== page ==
Often when we discuss IoT we think of devices connected in offices or business locations, but the application of IoT in the healthcare space is literally life-changing. In Healthcare the focus is on the Continuum of Care, which is the entirety of care from birth to death. Leveraging IoT along this continuum can drastically improve patient treatment and medical outcomes.

Simultaneous Reporting and Monitoring

A great example of an amazing new use of IoT in healthcare is Ingestible Sensors. These are microscopic IoT devices embedded in pills which send data to applications or devices outside the body. For example, the sensors can monitor medication dosage and provide doctors with metrics to avoid improper dosing and help develop customized medication programs for patients.

Wearable technology (wearables) in healthcare provides another great example of IoT facilitating patient data collection to boost positive patient outcomes. Wearable data collection devices such as Fitbits and smartwatches are examples of consumer products that capture data for health tracking, monitoring, and evaluation. Personal IoT health monitoring devices have expanded to include wearable ECG monitors and blood pressure monitors, which can be quickly evaluated remotely in real-time by caregivers.

Data Collection and Analysis

Healthcare outcomes are heavily influenced by the amount of data that can be collected,  whether from individual patients or a group of patients over time. IoT provides the major benefit of access to vast amounts of patient data that can be collected, organized, and analyzed to help caregivers identify and resolve health issues more efficiently. This data can result in immediate interaction or be captured over time across large groups of individuals to help develop new approaches to combating chronic disease.

Of course, the minute you say capture data in a Healthcare setting, bells go off about security. The HIPAA (Health Insurance Portability and Accountability Act of 1996) is United States legislation that provides data privacy and security provisions for safeguarding medical information. This is one of the gating factors that has stalled some of the IoT advancements as technology providers and healthcare CIO/CTO’s determine how to support the growing number of devices while at the same time protecting patient data.

Remote Medical Assistance

IoT in healthcare isn’t only about providing better health outcomes – it is also about providing better financial outcomes. Connected solutions that enable patients to access specialists on an

as-needed basis can relieve a hospital from employing certain skills fulltime. Using a centralized core of Clinicians in support of monitoring Intensive Care Units remotely is a noteworthy growing healthcare trend. This model provides hospitals with 24×7 access to highly skilled and experienced caregivers who can remotely monitor patients and intervene via two-way video communications at any time. This frees up local staff to perform their regular tasks while having continuous eyes on the most critical patients.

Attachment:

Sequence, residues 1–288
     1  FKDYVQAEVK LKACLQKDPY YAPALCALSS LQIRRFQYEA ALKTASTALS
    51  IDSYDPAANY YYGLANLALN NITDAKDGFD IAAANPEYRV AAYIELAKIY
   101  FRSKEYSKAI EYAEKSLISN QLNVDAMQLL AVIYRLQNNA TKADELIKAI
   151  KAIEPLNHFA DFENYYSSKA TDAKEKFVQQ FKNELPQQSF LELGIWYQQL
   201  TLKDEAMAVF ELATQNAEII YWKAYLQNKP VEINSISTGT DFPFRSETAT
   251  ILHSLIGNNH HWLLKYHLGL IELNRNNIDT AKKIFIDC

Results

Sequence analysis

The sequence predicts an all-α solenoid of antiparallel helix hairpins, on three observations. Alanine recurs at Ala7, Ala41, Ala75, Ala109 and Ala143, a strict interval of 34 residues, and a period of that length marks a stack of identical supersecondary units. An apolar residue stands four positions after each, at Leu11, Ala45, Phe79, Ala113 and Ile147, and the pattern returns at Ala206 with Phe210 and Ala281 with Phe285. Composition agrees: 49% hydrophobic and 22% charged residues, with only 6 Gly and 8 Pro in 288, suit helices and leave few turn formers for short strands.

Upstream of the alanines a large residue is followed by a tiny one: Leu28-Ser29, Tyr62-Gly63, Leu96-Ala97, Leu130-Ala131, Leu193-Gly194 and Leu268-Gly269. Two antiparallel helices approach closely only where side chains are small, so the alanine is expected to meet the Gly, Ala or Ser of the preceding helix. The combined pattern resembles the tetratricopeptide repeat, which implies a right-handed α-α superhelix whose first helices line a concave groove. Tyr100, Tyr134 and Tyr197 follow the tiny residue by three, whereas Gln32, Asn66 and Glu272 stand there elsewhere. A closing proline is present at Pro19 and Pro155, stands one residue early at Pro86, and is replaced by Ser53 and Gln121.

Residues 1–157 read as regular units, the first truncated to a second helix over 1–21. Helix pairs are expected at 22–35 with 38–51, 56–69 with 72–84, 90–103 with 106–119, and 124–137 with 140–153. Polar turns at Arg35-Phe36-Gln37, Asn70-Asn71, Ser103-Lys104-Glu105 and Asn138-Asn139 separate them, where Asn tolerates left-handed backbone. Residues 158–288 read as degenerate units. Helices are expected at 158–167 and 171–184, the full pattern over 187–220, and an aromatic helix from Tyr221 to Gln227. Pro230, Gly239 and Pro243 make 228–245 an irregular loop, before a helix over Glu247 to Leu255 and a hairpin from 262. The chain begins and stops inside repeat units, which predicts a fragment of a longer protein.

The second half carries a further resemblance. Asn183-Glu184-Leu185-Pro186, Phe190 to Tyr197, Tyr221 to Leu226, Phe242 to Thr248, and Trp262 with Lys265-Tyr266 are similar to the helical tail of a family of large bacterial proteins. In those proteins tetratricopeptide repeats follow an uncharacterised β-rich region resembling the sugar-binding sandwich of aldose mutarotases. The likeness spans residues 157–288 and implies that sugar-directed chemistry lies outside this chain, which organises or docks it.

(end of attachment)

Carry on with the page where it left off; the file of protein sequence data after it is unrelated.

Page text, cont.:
In addition, providing patients with equipment they can take home frees up hospital beds more quickly, while at the same time providing a high level of follow-up care to avoid patient re-admittance.

Insurance companies are exploring the benefits of IoT in healthcare as well. Data gleaned from wearable devices and IoT health-specific devices to monitor customer activity and adherence to treatment plans can help determine treatment efficacy and the impact of preventive measures. The data can also provide insurance companies with information that could indicate fraudulent claims.

Data Security & Privacy

The impact of IoT on healthcare seems limitless; however, there are technical and legal challenges to adoption. The possibility of someone hacking into a pacemaker was never considered until you connect that pacemaker to the internet. Your daily routine, as reported by your wearable technology, could provide someone with your exact location if the data fell into the wrong hands. Your medical condition could be exploited if details of your condition were exposed. These are risks we never had to consider before IoT. However, the consensus is that the numerous benefits and improved outcomes that result from leveraging IoT in healthcare will ultimately result in more health-centric IoT product and solutions which will help us all.

This post is a shortened form of an article published in the September issue of Sound & Communications magazine. Read the article in its entirety here.